Something Swedish

Julbock: The Swedish Christmas Goat


If you’ve ever spent the holidays in Sweden then you’d recognize this common Christmas decoration – the julbock. Usually made out of straw and sitting on a table, but sometimes as a candle holder, an ornament in the tree, depicted on Christmas cards or table clothes — goats are largely associated with Christmas here in Sweden.

2013-12-26 09.34.52Goat-Julbock Candleholder - Red - 7364RP 0216a00d8341c090953ef010536155e0e970c

There is even a famously gigantic Julbock made of straw that has been built in a town called Gavle every year since 1966, which measures 13 meters tall (43 feet) and is  burnt down year after year. Although this is not the intention of the Julbock nor is it legal, it is an expected fate.


There is a long history behind the Julbock which goes much deeper than the decorations we see today.

The origin of the Julbock dates back to before Christianity in Scandinavia, from the worship of the Norse God Thor and his two goats, Tanngnjost och Tanngrisner, that pulled his flying chariot.


Later, the Julbock was depicted as a humanoid goat figure with horns and hooves, said to represent the devil, ensuring that people deserved their presents. This version of the julbock was altered into a scary prankster who caused trouble and demanded gifts.


Julbocks being made of straw is nothing new, as it was always associated with the last harvest of the grain. It was once believed that the Julbock was only a spirit, and anything made of straw could be the Julbock. This spirit would check that the house was clean and the preparations were done correctly for the celebrations.

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For a long while the Julbock was the one who would deliver and hand out the Christmas presents – an original Scandinavian Santa. This is the most widely accepted and known version of the Julbock.


Just as someone in Swedish families dress up as Santa to give out the gifts to the children nowadays, the same was done back then. Dressing up as the Julbock for Christmas also included singing, acting, and pranks while wearing something like this:


During the 1800’s, people would throw the straw made Julbock back and forth, yelling “Take the Christmas goat!” The straw goat was also passed between neighbors, hiding it in each others houses without it being noticed, in an effort to get the Julbock out of their own house.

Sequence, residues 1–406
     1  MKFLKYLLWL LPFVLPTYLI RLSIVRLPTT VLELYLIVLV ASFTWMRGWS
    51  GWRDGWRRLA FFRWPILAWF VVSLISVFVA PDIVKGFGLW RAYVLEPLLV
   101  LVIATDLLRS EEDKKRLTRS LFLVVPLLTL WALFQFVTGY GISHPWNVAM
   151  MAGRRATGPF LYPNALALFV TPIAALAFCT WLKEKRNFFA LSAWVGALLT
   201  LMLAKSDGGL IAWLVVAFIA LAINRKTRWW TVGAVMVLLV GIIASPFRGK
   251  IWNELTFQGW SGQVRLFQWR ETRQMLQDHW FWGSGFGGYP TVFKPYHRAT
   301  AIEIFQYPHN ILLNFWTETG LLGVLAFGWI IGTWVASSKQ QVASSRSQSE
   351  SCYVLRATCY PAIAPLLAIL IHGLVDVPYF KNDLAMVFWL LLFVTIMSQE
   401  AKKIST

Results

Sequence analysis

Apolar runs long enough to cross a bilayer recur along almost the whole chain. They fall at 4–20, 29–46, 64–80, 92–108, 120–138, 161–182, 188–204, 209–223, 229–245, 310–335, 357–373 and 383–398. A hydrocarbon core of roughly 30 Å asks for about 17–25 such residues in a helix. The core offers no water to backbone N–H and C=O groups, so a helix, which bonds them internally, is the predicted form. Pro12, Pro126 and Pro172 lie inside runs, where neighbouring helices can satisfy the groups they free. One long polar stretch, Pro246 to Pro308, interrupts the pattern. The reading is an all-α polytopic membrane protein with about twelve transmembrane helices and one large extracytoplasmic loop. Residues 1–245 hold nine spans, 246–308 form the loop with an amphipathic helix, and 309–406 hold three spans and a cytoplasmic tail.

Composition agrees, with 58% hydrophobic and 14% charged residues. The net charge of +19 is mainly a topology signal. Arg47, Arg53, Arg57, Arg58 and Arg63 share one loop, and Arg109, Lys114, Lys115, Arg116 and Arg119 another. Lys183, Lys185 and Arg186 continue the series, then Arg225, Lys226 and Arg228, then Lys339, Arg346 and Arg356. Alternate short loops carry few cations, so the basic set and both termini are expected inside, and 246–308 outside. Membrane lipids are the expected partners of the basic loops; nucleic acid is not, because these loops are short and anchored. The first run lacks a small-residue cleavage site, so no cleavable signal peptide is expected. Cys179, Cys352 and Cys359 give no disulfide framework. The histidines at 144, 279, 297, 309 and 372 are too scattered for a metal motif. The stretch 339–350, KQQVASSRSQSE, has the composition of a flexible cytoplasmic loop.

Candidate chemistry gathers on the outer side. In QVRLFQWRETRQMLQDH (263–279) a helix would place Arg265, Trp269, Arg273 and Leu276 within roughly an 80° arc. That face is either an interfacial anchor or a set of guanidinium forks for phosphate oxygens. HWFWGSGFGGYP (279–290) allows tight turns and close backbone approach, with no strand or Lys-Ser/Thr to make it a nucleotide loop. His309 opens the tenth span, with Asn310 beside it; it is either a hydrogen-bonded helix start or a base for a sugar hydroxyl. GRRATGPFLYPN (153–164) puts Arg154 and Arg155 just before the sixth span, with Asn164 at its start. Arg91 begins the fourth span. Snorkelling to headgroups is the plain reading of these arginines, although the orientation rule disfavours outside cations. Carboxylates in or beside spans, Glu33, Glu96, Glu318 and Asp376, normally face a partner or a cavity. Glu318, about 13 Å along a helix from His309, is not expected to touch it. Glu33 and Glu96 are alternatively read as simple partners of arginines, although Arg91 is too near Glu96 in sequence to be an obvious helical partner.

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Hoping all of my readers had a wonderful Christmas and that I taught you a bit of Swedish Christmas trivia. If you’re interested in reading more about Swedish Christmas traditions – follow these links:

Julbord: Christmas table (Christmas food)
The first advent
Swedish Santa: Tomte

9 thoughts on “Julbock: The Swedish Christmas Goat

  1. The Julbock-that will stay with me now! Thank you.

  2. Just to make it clear, the straw goat in Gävle is not meant to be burned and it is illegal to burn it. It usually burns down still though. Not sure if anyone has been found guilty of it though.

  3. Ooh, don’t say that the large julbock in Gävle is “traditionally burnt down year after year”. Burning it down is really quite illegal and can even give you a prison-sentence.

    I say this because we had a poor American over a few years ago who thought it was a Swedish tradition. Was quite confused when the police caught him 🙂

    That being said, merry christmas!

    • I’ve added an extra sentence to explain – although I certainly didn’t intend it to sound like it was traditional in that sense, only that it does, in fact, happen every year. Thanks for the heads up!

  4. That photo of the costume is pretttttty creepy!!!

  5. The Julbok is my favourite part of Swedish Xmas, it always knows just what present to bring a gal…

  6. Pingback: Christmas in Sweden Unit Study - A Helping Hand Homeschool

  7. I enjoyed your post about the Swedish custom of the julbok. I am from the US, but visited Sweden for the first time earlier this year, with two of my adult children and my niece. We visited Gamla Stan, and had a wonderful time. I also found out from a DNA test that I am 6% Swedish! Love the Nordic stories/traditions.

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